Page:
No News Is Not Good News
There has been a lot going on in the world lately, so it’s not easy to remember every story, especially when the speed of reporting and “breaking news” makes last week’s calamity feel like it happened years ago. But just because we’re not hearing much about the refugee crisis right now, for example, doesn’t mean things are getting any better. They’re not.
65.3 million people, according to UNHCR, the UN Refugee Agency, have been forcibly displaced from their homes worldwide, with 21.3 million of them classified as refugees. Six countries have been responsible for settling close to eight million of them.
How the US Has Been Trying to Help
The US took in only 85,000 in 2016, which may not seem like a lot, but it’s the most we’ve accepted since 1999. With resettlement numbers dropping sharply under the Trump Administration, we think now’s the time to celebrate the states that have taken in the majority of those refugees.We strongly believe that our country should be doing everything it can to help some of the most vulnerable people in the world find a safe place to call home.
Here are the ten states that took in the most refugees in 2016. Is your state among them?
Refugees resettled: 3,125 – Since 1975, Illinois has settled more than 123,644 refugees from more than 60 countries]. Decades of experience in working with refugees means that many nonprofits and other agencies are ready to help.
Refugees resettled: 3,219 – Lancaster County, most famous for its Amish community, has welcomed more than 400 refugees from all over the world, with most coming from the Congo and Syria. Members of the local community have embraced their new neighbors, helping them get settled and even learning some Arabic to make it easier to help.
Refugees resettled: 3,233 – Since 2010, Washington has accepted about 16,500 refugees from 46 countries. Most have come from Iraq and Myanmar over that time period, but more Ukrainians have been arriving recently. Overall, most refugees tend to settle in or near Seattle.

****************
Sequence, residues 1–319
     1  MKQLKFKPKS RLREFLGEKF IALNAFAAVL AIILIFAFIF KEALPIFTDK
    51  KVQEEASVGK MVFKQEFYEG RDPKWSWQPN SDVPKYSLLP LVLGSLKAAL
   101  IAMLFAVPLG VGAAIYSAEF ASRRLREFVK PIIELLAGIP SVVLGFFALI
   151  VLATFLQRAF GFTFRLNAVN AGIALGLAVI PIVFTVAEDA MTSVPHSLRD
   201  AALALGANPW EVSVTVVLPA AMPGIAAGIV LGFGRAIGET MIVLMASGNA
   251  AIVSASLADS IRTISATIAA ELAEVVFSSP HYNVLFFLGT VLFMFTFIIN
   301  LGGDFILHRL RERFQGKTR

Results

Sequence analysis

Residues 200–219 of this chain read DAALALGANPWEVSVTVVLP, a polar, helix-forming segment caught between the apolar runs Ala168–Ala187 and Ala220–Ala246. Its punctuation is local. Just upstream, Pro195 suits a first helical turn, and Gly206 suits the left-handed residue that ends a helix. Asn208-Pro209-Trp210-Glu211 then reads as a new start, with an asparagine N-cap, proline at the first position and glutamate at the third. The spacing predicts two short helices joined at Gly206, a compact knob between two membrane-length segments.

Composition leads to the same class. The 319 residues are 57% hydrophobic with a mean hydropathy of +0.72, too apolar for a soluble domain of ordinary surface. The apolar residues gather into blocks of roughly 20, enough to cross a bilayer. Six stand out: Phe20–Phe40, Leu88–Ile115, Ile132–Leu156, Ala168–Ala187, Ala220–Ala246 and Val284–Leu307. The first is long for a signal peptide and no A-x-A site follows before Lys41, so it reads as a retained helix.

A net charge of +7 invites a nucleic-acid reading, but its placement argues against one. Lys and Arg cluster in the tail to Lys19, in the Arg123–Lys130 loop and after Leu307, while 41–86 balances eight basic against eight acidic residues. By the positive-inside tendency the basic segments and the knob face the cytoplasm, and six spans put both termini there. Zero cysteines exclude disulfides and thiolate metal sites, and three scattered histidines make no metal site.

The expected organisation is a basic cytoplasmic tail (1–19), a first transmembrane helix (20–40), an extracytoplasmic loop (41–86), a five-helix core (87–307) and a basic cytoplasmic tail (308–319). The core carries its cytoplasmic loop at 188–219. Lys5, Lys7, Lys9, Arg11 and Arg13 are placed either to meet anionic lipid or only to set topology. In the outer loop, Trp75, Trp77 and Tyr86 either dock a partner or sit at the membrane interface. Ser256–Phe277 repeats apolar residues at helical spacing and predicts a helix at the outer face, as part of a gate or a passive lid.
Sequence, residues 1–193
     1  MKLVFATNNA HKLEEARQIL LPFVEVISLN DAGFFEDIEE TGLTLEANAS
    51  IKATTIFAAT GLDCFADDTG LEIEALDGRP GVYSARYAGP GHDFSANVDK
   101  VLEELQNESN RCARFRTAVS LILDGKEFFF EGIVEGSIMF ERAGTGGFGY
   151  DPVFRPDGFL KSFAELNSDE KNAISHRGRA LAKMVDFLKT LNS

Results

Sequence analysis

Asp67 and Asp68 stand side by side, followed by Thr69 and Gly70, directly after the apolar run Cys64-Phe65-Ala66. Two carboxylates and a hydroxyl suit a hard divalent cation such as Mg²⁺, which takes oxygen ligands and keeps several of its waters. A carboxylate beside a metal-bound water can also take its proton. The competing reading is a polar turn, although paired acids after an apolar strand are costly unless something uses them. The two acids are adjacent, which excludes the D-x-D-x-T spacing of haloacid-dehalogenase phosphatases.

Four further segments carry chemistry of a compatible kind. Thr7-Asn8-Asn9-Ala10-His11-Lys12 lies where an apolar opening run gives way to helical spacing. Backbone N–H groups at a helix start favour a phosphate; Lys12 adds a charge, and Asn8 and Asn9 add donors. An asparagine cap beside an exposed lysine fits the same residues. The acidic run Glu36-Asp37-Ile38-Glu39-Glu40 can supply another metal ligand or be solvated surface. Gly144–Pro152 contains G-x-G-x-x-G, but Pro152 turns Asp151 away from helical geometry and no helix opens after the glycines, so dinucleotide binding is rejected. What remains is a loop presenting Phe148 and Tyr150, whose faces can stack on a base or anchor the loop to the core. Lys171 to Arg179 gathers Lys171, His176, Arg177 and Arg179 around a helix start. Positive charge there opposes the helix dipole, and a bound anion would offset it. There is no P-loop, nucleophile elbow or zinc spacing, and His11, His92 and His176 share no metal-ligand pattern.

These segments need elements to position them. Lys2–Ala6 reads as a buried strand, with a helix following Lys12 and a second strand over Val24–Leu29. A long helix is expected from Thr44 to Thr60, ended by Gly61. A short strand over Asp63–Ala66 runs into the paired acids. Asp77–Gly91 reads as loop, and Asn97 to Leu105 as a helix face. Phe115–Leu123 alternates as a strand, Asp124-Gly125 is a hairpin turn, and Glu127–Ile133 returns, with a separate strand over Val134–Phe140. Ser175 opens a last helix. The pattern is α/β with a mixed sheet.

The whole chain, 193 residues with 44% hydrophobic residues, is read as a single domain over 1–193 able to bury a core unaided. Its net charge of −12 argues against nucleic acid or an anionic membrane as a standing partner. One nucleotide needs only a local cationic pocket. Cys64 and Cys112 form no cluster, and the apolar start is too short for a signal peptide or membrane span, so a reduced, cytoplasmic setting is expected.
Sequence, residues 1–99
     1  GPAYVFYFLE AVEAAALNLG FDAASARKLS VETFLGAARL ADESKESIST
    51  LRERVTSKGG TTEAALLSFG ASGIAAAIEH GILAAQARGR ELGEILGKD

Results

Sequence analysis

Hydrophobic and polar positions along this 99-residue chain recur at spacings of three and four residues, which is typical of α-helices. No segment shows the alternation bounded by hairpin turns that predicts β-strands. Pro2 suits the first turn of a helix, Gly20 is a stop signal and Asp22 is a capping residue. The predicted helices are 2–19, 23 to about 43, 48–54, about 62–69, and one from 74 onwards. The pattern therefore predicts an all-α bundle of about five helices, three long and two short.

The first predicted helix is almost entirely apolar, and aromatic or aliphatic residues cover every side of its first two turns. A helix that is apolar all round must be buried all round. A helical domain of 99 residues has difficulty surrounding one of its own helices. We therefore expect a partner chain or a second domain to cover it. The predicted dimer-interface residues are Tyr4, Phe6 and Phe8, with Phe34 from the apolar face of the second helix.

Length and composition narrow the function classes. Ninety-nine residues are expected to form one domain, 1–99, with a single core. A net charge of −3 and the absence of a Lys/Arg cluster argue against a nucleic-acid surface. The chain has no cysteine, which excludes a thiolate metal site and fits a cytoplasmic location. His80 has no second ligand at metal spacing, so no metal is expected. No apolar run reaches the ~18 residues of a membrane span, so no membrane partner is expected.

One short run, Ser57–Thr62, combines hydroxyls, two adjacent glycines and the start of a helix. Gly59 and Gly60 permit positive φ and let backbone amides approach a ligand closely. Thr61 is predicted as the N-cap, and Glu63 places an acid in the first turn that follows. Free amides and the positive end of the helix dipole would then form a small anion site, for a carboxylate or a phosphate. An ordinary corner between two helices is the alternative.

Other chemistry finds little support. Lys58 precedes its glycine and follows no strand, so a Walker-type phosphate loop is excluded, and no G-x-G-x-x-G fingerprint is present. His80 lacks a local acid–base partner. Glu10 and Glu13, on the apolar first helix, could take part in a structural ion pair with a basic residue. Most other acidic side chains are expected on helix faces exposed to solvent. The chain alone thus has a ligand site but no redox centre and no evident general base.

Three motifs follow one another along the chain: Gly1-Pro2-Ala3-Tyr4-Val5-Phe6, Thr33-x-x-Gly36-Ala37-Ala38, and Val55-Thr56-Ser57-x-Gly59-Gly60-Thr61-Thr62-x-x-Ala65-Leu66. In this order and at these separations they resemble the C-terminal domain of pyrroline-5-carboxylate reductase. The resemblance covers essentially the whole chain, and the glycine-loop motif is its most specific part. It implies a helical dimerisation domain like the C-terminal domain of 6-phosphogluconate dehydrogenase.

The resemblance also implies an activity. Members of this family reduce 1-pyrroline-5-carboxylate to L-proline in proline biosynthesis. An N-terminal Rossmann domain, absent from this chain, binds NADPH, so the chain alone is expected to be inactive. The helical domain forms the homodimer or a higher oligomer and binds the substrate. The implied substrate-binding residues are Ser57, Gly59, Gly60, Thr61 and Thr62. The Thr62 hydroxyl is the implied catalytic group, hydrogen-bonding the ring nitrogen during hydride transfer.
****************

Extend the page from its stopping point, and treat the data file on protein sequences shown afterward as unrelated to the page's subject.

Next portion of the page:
7. North Carolina
Refugees resettled: 3,342 – Hundreds of Syrian refugees have made their way to North Carolina, and many have found a home in the Raleigh-Durham area, where access to medical care, public education, and already-established Arabic-speaking immigrants (mostly from Iraq) have been a big draw.
Refugees resettled: 4,110 – Arizona took in about 800 refugees from Syria in 2016, more than all but three other states. While Gov. Doug Ducey was among those to call for a halt to the refugee resettlement program, volunteers throughout the state are determined to make every new refugee feel welcome.
Refugees resettled: 4,194 – Arab immigrants first began arriving in Toledo, Ohio, from Beirut and Tripoli back in the late 1800s. Toledo’s “Little Syria” neighborhood has been around since the 1920s. In fact, while the city’s overall population has dropped, its immigration population is on the rise.
Refugees resettled: 4,258 – Michigan has long been a home to Middle Eastern immigrants, so it’s not surprising that it has taken in the highest number of Syrian refugees of any state in the US. Michigan’s governor came out against accepting more Syrians, but they continue to arrive, drawn by the strength of the Detroit-area Arab community and the support it offers.
3. New York
Refugees resettled: 5,026 – There are something like 8.5 million people in New York City, the largest city in the US. More than 3 million of those people are foreign-born. That refugees would come to NYC is not a surprise. But what about Utica, population 61,000? Refugees have been settling there for 40 years, and it remains a haven today.
Refugees resettled: 7,803 – While Governor Greg Abbott has tried for years to bar refugees from coming to Texas, they keep coming. And Houston is a big reason why. Ever since it accepted 200,000 South Vietnamese in the 1970s, Houston has been known worldwide as safe destination for refugees. It’s a multiethnic city with generous services and a welcoming population.
Refugees resettled: 7,909 – From 2011 to 2017, more than 36,000 refugees have settled in California, most from Iraq and Iran. Between 1975 and 2015, that number is 725,000! California, like the rest of the country, thrives on diversity. So, lawmakers there have introduced legislation that would increase school funding for translators and counselors and provide in-state tuition at public colleges.
We believe that California has the right idea. Rather than closing our doors to immigrants and refugees, we should be throwing them open. We thank these states and all the others who have done just that—and we thank groups like the International Rescue Committee for all the work they do. Nothing is more American than welcoming all those who dream of making this country their home.